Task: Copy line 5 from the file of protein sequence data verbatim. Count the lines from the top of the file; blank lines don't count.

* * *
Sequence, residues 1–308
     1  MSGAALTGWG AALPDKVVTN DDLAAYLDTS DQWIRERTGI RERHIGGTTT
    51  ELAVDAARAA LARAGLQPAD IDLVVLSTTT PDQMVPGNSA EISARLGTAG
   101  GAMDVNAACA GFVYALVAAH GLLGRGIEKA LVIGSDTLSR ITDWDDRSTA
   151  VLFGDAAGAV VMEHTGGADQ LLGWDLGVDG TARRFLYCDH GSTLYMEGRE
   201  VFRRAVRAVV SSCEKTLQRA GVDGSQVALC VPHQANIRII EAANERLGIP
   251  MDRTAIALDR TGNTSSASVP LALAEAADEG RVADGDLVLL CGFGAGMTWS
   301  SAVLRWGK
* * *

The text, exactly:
   151  VLFGDAAGAV VMEHTGGADQ LLGWDLGVDG TARRFLYCDH GSTLYMEGRE